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Writers Residency Spotlight: Amanda Machado

We're excited to have Amanda join us for our inaugural Writers Residency for underrepresented storytellers!

By: The Outbound Collective + Save to a List

Name: Amanda Machado
Location: Oakland, California
Where to find me: Website | Instagram | Twitter | Blog

What’s your day job?
In addition to my essay writing, I also facilitate workshops on justice and anti-oppression for organizations around the world. In many ways, I don’t see it as a “day job” separate from my writing work, because the conversations I facilitate in these workshops are also a means of sharing stories about power and privilege, and creating space for exploring these topics together.

What first drew you to the outdoors?
Since I was a kid, I always loved being outside -- especially climbing trees around my neighborhood and biking around. But I didn’t fully realize my love of hiking and the more stereotypical forms of “outdoorsiness” until I took a fifteen-month trip around the world when I was twenty-four years old. On that trip, I hiked in the Andes and the Himalayas, learned how to ski in the Alps, and hitchhiked 2,000 miles across Patagonia. That was when I realized how deeply I wanted the outdoors to become an important part of my life.

What are your favorite things to do outside?
Hiking of course, but also: doing yoga on my porch, reading a book beneath a tree, going for hour-long walks across a city, biking, floating in fresh water lakes, finding natural hot springs, paddle-boarding, taking outdoor showers.

What’s your favorite hometown adventure?
In Florida, where I grew up, I loved walking through Lettuce Lake Park at around sunset and watching the Spanish moss hanging from the trees turn pink, and spotting alligators swimming through the cypress trees.

What's on the top of your must-do adventure list right now?
After reading the preamble to the Bolivian constitution, I’d love to go hiking around that country.

What advice would you give to someone who is new to the outdoors?
Reconsider the stories you were told about what “counted” as the “outdoors” and who counted as “outdoorsy.” None of us are really “new” to the outdoors; we may just be new to the way our current society has framed what a relationship to the outdoors should look like.

Who are some writers/photographers/creators who are inspiring you right now?
Rahawa Haile. Michael Estrada. Saidiya Hartman. Jordan Kisner. Bani Amor. Mary Ann Thomas. Bell Hooks. Ocean Vuong. Hanif Abdurraquib. And of course, all my family in my Bay Area writing group: Alan Chazaro, Charisel Parla, Rose Heredia, Hernan De La Cruz Ramos.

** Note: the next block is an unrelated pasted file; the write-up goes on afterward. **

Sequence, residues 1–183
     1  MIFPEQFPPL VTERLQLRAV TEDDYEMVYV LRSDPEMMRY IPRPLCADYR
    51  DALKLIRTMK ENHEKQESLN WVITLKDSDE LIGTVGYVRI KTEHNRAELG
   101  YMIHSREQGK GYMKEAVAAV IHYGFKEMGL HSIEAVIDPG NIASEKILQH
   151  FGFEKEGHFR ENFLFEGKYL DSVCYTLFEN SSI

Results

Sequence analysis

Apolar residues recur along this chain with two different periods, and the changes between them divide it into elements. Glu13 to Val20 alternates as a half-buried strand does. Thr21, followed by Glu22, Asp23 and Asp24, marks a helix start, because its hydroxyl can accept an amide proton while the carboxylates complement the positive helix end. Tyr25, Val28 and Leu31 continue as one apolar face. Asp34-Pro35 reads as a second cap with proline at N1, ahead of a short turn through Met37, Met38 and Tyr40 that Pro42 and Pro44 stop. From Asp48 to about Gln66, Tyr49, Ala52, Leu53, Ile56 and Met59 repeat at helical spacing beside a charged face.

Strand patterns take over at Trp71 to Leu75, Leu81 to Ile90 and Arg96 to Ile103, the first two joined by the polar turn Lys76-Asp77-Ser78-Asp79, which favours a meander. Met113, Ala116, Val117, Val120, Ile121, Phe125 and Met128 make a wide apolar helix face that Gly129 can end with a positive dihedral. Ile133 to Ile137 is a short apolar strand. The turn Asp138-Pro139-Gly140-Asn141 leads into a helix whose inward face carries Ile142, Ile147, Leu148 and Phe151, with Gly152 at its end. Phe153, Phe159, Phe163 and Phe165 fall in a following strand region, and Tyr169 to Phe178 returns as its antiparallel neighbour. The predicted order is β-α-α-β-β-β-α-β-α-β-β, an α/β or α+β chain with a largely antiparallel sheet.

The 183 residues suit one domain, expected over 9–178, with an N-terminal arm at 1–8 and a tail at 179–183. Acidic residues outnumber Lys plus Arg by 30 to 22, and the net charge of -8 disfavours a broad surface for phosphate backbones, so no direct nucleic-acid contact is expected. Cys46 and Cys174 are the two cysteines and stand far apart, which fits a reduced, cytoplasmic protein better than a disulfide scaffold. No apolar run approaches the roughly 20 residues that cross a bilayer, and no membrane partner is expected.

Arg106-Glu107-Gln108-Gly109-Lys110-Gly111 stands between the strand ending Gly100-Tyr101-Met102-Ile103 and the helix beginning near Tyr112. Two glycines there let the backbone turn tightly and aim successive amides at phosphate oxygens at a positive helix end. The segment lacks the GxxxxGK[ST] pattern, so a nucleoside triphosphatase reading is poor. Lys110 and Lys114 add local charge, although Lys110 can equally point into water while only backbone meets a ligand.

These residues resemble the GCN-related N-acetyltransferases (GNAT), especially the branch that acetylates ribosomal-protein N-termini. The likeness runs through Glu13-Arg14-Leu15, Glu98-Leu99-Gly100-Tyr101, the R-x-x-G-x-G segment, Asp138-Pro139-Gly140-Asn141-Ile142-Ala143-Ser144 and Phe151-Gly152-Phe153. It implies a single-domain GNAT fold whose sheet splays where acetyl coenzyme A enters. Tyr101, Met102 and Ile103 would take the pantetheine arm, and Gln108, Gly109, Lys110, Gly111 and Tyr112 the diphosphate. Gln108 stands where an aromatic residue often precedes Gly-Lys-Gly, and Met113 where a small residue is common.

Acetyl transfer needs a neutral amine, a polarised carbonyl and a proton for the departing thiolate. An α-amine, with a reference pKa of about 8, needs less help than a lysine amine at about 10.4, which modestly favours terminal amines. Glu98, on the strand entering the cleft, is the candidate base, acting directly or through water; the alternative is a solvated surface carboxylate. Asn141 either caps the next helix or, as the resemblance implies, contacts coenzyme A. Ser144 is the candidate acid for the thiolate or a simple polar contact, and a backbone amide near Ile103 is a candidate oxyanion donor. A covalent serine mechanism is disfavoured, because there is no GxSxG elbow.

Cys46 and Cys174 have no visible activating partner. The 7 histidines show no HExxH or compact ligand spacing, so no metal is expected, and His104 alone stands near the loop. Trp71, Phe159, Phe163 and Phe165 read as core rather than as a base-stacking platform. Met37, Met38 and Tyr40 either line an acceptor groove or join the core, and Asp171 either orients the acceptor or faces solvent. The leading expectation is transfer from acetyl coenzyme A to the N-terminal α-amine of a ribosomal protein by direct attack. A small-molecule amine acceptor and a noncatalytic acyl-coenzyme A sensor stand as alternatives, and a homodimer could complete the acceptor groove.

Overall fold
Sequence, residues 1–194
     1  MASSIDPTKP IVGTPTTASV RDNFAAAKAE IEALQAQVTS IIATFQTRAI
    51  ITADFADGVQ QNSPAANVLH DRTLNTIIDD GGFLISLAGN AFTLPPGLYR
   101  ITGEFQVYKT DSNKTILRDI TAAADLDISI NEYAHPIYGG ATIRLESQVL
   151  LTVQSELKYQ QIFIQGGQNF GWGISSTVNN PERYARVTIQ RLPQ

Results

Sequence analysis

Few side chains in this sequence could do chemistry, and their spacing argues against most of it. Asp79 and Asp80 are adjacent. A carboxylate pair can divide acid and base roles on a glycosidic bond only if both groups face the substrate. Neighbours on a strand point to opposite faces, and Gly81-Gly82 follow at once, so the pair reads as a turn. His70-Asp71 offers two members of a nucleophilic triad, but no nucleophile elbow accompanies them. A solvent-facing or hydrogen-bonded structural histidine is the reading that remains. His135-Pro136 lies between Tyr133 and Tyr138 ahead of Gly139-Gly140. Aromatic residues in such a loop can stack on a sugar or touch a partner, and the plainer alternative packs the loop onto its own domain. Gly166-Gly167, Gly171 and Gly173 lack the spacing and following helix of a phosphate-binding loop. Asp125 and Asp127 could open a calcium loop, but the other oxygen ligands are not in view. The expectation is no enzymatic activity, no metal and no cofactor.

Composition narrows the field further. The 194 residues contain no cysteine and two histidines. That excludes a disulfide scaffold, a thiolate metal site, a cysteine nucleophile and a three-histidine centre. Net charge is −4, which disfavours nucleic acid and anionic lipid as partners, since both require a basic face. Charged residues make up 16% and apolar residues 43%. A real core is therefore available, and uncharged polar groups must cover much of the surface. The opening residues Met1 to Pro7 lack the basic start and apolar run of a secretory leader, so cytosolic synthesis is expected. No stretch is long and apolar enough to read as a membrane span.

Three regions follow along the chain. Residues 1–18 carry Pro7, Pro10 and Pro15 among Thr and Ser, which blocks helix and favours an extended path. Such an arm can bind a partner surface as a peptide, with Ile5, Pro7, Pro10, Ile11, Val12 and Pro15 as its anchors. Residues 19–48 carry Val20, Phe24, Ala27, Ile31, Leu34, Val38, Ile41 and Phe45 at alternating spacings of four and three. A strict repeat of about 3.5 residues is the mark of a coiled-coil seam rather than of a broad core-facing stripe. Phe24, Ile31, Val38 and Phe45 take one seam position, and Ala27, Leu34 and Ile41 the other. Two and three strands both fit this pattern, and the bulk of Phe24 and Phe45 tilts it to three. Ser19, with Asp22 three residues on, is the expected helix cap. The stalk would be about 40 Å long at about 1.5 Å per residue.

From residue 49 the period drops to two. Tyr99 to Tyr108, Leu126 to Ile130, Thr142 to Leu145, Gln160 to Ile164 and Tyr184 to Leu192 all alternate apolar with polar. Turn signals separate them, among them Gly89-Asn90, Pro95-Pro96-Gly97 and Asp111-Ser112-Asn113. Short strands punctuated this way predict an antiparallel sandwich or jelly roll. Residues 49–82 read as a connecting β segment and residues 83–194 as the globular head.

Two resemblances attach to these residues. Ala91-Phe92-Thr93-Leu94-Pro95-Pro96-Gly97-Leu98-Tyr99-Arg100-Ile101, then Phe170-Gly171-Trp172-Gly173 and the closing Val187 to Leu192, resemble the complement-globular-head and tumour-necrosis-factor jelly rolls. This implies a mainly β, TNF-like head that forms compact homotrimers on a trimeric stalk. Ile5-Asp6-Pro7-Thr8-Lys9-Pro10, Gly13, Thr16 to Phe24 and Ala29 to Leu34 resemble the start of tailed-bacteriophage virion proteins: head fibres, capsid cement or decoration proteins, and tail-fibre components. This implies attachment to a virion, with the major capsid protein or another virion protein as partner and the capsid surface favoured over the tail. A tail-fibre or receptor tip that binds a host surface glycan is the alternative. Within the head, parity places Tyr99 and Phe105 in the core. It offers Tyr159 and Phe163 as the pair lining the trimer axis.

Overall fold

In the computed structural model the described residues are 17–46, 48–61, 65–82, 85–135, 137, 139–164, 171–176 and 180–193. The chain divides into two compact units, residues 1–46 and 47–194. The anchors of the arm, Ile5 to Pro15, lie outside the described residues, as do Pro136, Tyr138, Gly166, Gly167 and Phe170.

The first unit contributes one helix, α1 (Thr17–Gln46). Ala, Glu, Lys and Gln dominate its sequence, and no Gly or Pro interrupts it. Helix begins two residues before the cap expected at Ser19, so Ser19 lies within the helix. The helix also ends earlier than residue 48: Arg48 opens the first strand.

This has been a challenging year - how have you managed your physical and mental health? Any tips?

What has helped: starting some days by staying in bed and reading for an hour. Making playlists of music that captures my feelings when words can’t. Listening to famous protest music from Latin America. Admitting that I'm not "sad" all the time, but actually enraged. And, also acknowledging that sometimes, I'm just sad. Wearing my favorite, big, extravagant earrings around the house for no reason at all. Using tiger balm when my muscles are stress-aching, and giving myself foot massages. And, buying flowers. They still keep blooming as if nothing terrible is happening at all.

What does it mean to you to be a part of the outdoor industry and why is it important to make the outdoors more inclusive? 
Black, indigenous and people of color have always been leaders in protecting the earth, and living in right relationship with nature and land. The stories we have traditionally told in the United States about the outdoors simply have not made room for that history. I believe it’s our work today to reclaim that history, and take up space in an industry that too often has erased our stories.

What is the biggest challenge (or challenges) you’ve faced in the outdoors?
Finding genuine community. For far too long, the majority of people I knew interested in the outdoors were straight, cis, white men, and the first framing I learned for how to interact in the outdoors often also came from a fairly toxic masculine, neo-colonial framework of thinking. I’m grateful today for finding organizations like Latino Outdoors, PGMONE, and others that have reframed those ideas for me, made me feel genuinely welcome, and affirmed my specific way of loving being outside.

What’s a fun fact that most people don’t know about you?
I once danced with Dolores Huerta in a queer bar in Los Angeles on Cinco de Mayo :)

What would your personal motto be?
A student in one of my college writing workshops once wrote “Nobody wants to understand the universe. They just want to feel its mad romance.” I don’t know if that’s a motto for myself necessarily, but it’s a sentence I haven’t stopped thinking about ever since. 

We want to acknowledge and thank the past, present, and future generations of all Native Nations and Indigenous Peoples whose ancestral lands we travel, explore, and play on. Always practice Leave No Trace ethics on your adventures and follow local regulations. Please explore responsibly!

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